Considering that Columbus does not fit the profile of a rough and rugged post apocalyptic survivor (he’s a yuppie, skinny nerd decked out in Gap Khakis and packing a shotgun), he still has nonetheless survived his trip across the country in an effort to get home to his parents.  How has he kept alive?  Well, by having a list of 31 very specific rules to staying alive (which are amusingly shown as video game style graphics on screen).  Some of his rules seem like a dissertation that attacks the conventions of nearly every bad horror film of the last several decades (like, always look in the back seat of parked car before entering) whereas other seem comically inspired (like, maintain good cardio so you can outrun zombies, always be weary of bathroom stalls, and – most importantly – always, always use the double tap your prey with your gun to make sure the ghouls are good and dead).  By the way, if you accidentally break the rule about checking the back seat, don’t worry, as long as you follow another rule (wearing a seatbelt) you can make incredibly sharp brakes to send the zombie passengers right through the front windshield).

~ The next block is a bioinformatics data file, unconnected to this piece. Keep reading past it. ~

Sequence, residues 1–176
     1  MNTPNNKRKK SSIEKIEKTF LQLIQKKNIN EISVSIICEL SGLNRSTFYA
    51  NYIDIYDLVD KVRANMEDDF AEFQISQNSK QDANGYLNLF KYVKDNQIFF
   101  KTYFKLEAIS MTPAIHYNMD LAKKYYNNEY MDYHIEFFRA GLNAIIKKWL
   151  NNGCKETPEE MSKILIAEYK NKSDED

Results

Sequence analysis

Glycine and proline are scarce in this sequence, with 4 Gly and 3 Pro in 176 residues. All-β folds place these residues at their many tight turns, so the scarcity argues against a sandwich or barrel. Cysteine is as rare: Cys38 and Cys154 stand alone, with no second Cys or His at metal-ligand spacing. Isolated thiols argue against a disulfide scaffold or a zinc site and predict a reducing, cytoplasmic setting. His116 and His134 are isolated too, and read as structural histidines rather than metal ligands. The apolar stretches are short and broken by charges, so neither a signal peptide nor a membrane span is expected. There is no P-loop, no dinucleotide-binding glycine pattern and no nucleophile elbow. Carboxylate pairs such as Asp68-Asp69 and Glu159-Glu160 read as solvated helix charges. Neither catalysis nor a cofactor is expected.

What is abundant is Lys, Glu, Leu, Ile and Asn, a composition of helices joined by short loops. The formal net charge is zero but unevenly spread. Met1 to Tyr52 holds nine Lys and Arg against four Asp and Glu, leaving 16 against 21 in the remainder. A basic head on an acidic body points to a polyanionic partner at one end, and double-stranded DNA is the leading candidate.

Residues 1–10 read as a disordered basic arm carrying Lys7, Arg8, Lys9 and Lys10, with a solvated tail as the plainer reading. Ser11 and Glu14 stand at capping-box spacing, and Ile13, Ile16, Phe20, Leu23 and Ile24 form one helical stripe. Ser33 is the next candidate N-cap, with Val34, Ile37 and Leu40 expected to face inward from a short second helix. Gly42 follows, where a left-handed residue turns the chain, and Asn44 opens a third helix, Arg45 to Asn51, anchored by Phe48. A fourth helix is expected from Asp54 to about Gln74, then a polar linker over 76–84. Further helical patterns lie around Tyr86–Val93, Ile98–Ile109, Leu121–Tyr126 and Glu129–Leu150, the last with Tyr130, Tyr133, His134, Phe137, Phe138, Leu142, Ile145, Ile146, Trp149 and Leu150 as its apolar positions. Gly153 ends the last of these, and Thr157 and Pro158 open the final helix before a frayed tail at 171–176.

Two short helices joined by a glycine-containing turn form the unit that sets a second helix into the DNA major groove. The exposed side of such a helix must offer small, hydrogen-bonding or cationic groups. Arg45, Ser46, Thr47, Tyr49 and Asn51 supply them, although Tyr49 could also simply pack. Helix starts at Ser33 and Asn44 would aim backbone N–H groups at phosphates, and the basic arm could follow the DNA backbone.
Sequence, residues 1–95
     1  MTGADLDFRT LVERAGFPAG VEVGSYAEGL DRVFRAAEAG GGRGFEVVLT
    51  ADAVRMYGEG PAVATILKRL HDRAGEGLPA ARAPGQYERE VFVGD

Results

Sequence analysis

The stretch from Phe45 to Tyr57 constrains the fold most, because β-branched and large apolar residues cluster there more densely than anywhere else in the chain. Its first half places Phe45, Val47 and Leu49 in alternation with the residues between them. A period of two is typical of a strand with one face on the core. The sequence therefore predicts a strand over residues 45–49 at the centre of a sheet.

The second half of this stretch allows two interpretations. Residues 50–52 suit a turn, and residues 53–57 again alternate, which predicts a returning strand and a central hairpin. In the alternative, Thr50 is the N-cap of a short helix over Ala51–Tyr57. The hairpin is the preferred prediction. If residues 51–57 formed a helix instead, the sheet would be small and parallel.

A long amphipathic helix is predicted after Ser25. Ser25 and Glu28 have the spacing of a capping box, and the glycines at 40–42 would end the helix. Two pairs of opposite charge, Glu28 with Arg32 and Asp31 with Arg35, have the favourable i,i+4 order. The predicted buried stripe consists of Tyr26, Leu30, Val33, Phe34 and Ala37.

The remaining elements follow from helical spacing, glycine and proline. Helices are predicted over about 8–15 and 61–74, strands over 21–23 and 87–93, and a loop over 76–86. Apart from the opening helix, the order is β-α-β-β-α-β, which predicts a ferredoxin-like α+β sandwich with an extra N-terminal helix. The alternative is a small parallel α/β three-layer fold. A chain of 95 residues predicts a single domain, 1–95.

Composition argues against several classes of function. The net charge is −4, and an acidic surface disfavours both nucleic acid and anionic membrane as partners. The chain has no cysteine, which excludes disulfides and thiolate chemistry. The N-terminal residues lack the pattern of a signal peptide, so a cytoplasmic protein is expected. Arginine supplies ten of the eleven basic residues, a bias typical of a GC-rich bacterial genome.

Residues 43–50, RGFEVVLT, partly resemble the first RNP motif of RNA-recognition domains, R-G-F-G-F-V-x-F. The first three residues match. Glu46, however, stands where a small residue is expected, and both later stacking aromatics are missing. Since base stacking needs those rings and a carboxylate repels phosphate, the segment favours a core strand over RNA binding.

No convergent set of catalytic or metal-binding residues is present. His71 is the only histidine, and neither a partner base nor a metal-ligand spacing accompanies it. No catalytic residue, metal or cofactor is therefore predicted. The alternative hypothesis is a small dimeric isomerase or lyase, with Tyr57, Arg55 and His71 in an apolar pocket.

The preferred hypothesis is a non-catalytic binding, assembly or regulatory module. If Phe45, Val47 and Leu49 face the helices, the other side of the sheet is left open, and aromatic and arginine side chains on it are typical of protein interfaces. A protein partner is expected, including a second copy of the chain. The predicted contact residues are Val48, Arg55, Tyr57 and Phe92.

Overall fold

At one point on his trek Columbus encounters another lone human survivor, a red necked, Twinkie loving, and shotgun wielding zombie killer named Tallahassee (Woody Harrelson, whom has not cheekily cut loose in a liberating comic performance like this since THE PEOPLE VS. LARRY FLINT) who is on his way to Florida for two things: to kill as many zombies as he can in the most deplorable manner possible and to find Twinkies (which are very rare).  As Columbus’ voice over informs us, Tallahassee has “set the standard for ‘Not to be fucked with’” and it soon becomes apparent that this country bumpkin totally lives up to his moniker.  Tallahassee is no normal zombie ass-kicker.  Nope.  Rather, he uses a sickeningly innovative arsenal of weapons beyond guns to kill his monstrous victims, with everything from hedge clippers, to tire irons, to cars, to – my personal favourite – a ukulele.  Gotta admit, that latter item has never been used before.